Spy boss says issues shifting
One of Australia’s top spy chiefs has warned foreign interference is a bigger threat than terrorism.
Outgoing head of Australian Security Intelligence Organisation (ASIO), Duncan Lewis, says there are three major security challenges confronting Australians: terrorism, cyber warfare, and foreign interference (including espionage).
He says the third of that list is on a “growth trajectory” that makes it a greater threat than terrorism.
Speaking at a Lowy Institute forum in Sydney.
“It's my view that currently, the issue of espionage and foreign interference is by far and away the most serious issue going forward,” Mr Lewis said.
“Terrorism has never been an existential threat to established states – for weaker states, yes, but for a place like Australia terrorism is not an existential threat to the state.
“It is a terrible risk that our populations run and it is a very serious matter which must be addressed every day: the counter-espionage and foreign interference issue, however, is something which is ultimately an existential threat to the state.”
He said public attention and media drama often promote terrorist attacks, but the threat of espionage is tougher to recognise.
“The harm from acts of espionage may not present for years or even decades ... these sorts of activities are typically quiet, insidious and have a long tail,” Mr Lewis said.
Mr Lewis said the risk of terrorism remained a threat, and its risk is “unacceptably high”, but it is not rising, unlike the other threats.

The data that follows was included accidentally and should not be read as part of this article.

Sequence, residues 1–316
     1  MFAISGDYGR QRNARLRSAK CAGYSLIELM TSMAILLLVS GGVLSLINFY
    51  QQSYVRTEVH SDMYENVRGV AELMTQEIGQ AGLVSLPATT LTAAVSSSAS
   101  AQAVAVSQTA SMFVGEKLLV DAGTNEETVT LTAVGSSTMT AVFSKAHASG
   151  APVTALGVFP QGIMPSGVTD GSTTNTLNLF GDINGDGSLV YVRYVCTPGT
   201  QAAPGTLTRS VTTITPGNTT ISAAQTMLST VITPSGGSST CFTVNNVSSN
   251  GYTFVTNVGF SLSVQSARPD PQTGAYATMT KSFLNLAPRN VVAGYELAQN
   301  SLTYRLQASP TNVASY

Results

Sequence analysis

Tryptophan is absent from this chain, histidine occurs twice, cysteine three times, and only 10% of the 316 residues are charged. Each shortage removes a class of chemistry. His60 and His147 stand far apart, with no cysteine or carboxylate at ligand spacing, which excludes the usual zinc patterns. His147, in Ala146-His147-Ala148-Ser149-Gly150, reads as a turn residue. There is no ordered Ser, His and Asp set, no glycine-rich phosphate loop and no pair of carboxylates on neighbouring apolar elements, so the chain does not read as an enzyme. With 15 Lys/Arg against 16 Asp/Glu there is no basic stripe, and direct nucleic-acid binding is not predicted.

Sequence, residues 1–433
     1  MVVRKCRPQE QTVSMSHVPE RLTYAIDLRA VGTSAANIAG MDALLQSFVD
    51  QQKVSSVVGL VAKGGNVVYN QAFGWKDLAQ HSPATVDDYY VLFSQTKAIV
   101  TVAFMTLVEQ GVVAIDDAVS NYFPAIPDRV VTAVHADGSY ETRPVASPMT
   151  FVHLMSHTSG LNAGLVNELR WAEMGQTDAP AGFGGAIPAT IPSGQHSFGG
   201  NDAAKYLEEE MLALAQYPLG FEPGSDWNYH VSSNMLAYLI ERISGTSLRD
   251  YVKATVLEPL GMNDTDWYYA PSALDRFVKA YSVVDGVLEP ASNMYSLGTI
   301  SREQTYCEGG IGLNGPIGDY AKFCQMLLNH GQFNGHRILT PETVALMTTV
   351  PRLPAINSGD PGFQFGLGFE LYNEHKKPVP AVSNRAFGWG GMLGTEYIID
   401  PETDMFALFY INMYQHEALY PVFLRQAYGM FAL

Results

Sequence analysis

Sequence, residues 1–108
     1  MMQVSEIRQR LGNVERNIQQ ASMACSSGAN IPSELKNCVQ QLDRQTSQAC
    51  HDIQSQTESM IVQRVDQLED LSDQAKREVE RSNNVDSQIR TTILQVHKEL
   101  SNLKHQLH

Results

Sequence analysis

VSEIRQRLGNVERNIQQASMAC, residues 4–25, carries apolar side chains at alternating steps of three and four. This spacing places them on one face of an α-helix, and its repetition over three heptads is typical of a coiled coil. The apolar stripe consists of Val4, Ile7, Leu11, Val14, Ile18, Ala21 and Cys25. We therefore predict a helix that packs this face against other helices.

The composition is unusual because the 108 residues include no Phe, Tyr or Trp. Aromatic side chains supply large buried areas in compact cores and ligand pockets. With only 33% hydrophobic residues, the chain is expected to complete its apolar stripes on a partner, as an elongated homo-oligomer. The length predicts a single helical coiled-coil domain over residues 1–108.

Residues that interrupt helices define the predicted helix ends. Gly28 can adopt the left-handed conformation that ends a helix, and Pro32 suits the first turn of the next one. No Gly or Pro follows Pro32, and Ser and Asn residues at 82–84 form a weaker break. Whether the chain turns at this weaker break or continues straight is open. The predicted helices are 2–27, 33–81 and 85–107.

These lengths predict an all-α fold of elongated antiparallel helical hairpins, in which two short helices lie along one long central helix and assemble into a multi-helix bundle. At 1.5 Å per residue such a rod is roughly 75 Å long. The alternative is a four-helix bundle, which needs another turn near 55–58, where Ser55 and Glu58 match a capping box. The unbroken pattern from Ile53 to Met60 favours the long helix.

“Terrorism has plateaued, it is not increasing, it has plateaued and it is at an unacceptably high level. We have attacks continuing. They are regular and they will continue,” he said.
“Counter-espionage and foreign interference … that is still on a growth trajectory.”
Mr Lewis said espionage is thriving in our increasingly technological world.
“Communities and countries are able to interfere in one another's business now, because you can,” he said.
“There are conduits through all of those technological advances of globalisation: the internet, instant communication … social media, that will allow influence to be exerted remotely.”
Mr Lewis said intelligence officers have a reasonable handle on cyberattacks, but they are “getting a better understanding of the breadth and the depth of the cyber vector to us”.
Mr Lewis will retire in late September after five years as ASIO chief. He will be replaced by current Australian Signals Directorate chief Mike Burgess.